In the summer of 1949, just before he traveled with his family on the cruise ship Queen Elizabeth to England, radio host Paula Stone visited Walt Disney in his studio for an interview for her show "Hollywood U.S.A." which (probably) aired later the same year.

In the interview they talk about the production of Cinderella (1950), Alice in Wonderland (1951), Ichabod and Mr. Toad (1949), Treasure Island (1950) and the production of animation in general.
Transcript

Paula Stone: Today our broadcast called Movie Making takes us to the Walt Disney Studio to visit with the famous Walt Disney himself. Come on let's hurry! There's Walt Disney himself standing in the doorway of his office. Hi!

Walt Disney: Hello, Paula. How are you?

PS: Oh, I'm fine. Oh, don't tell me I'm late.

WD: No, no, no - but I thought maybe I could take you along here and show you some of the work that we're doing on Cinderella and Alice in Wonderland. You know we're rolling at top speed on these pictures right now.

PS: Oh, I'll love to, but first before we start: won’t you tell our listeners about some of these awards here in the cabinet. You know, I have never seen so many medals and golden Oscars. Which was the first, Mr. Disney?

WD: Well this one right here - this is a special award presented in 1932 for the creation of Mickey Mouse.

PS: I see, bless his little heart. And what are all of those medals in the cases?

WD: Well there are several here from the Parents magazine and a few from Look and these others are from France and here's some from Italy and South America and so forth.

PS: Aha, and that one over there...

WD: You mean the big stein?

PS: Yes.

WD: Well that was from Russia.

PS: Oh.

WD: (laughs) Good many years ago, though.

PS: I understand they don't love you as much anymore…(laughs)
PS: Mr. Disney, is there any award you received among this many that is the most treasured?

WD: Well it's really hard to say. You know, each award has been important to us and we've been highly appreciative of all of them. But I think the winning of the Thalberg award is the most coveted honor.

PS: Oh, oh, yes. That's it right there and let me see - the plaque reads: "for the most consistent high quality of production achievement." Oh my, that is wonderful.
Certainly a great honor to bestow on any producer but I would like to say I know of no producer who's given more joy to the whole world than you have with your wonderful pictures.

WD: Well, thanks Paula it's nice to hear that. By the way I might mention in connection to that Thalberg award, you know, there's a little kiss from Norma Shearer that goes with it - at least it did when I got it.

PS: You got a double award.

WD: But it is really a great award and for our work - we, I think we have a harder time doing a cartoon feature than you would with real actors. I think it's more difficult job.

PS: And now the latest is Cinderella, is that right?

WD: No, no. Cinderella and Alice in Wonderland are the latest in production.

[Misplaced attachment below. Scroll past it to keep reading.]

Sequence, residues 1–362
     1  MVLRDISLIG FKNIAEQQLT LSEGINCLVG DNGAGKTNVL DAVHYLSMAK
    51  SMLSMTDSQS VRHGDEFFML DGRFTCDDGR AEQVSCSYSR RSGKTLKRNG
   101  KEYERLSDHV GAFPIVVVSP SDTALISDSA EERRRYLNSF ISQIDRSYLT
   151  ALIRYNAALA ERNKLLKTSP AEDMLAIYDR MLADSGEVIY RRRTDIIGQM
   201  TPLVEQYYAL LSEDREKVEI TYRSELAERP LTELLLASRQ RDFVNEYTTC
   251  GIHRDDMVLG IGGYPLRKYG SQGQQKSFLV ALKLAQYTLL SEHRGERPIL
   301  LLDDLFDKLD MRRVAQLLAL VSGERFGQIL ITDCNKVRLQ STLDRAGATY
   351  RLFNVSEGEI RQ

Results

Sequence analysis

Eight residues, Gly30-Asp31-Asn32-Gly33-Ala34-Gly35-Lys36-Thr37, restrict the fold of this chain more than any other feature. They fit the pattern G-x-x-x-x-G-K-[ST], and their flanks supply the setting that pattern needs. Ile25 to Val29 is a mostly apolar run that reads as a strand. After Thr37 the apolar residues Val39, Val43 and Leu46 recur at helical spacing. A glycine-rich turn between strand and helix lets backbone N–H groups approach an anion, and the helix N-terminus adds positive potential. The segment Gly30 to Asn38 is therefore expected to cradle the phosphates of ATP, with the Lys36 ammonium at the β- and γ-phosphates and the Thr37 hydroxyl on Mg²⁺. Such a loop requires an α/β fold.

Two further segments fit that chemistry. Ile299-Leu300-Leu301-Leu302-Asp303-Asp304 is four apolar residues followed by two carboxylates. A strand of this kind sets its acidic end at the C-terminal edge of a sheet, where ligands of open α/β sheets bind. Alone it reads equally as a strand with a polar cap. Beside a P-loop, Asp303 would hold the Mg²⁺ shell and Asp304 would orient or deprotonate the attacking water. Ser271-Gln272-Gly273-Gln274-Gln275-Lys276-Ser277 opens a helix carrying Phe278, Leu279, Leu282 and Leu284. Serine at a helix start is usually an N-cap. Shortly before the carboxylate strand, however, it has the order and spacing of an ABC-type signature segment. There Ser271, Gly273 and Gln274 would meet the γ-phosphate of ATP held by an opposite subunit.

PS: Oh, I see.

WD: But we just finished one called Ichabod and Mr. Toad, and I feel this picture has many qualities that will appeal to moviegoers of all ages.
Would you like to see some of the drawings on Cinderella? And then we can talk about Ichabod on the way.

PS: Oh, yes. That would be wonderful. Who plays Ichabod and who plays Mr. Toad in the story? I mean, who are the voices?

WD: Well Bing Crosby does Ichabod and when I say he does it I mean he really does it. He tells it, and he plays Ichabod, he plays Brom Bones, and every part except Katrina, you see. And Basil Rathbone narrates Mr. Toad.

PS: And does Bing Crosby sing?

WD: Oh, yes, he does. He sings three songs - the theme song Ichabod and the ballad Katrina and then a very scary number called the Headless Horseman. When Bing sings this number it’s going to be Halloween every time he does.

PS: That's cute, very spooky! Bing Crosby combined with a Walt Disney character, now there's an unbeatable combination.
You certainly are busy with production going at top speed. Ichabod and Mr. Toad finished, Cinderella and Alice in Wonderland in animation, and now I hear you're leaving for England to do Treasure Island.

WD: That's true, Paula. We're pretty excited about this picture. For one thing, it's our first totally live-action feature.

PS: And absolutely no animation in the picture at all?

WD: That's right. Well for one thing I just want to prove to my artists I can do something without them. (laughs)
Then, of course, Treasure Island to me is one of the world's greatest stories and I feel it should be done in live-action.

PS: Yes.

WD: Of course it'll be filmed in Technicolor.

PS: And right over in England?

WD: That's right. According to the locale of the story.

PS: That's marvelous. In my mind's eye I can see a giant theater marquee "Walt Disney presents Ichabod and Mr. Toad, Cinderella, Alice in Wonderland and Treasure Island."
What a treasure of pictures for the movie fans.

WD: You don't mean all on one bill?

PS: Only in my mind's eye. (laughs)

WD: Paula, I'd like to show your listeners something that few people ever see. I'd like to take ‘em through the various rooms of the artists and the animators and try to show just how pictures like CinderellaAlice in Wonderland come to life on the screen. So…

PS: Well, that would be wonderful.

WD: ..will you step right through this door.

PS: Oh yes, and I while we pause on the threshold of this wonderful treat, let's hear a word from the announcer.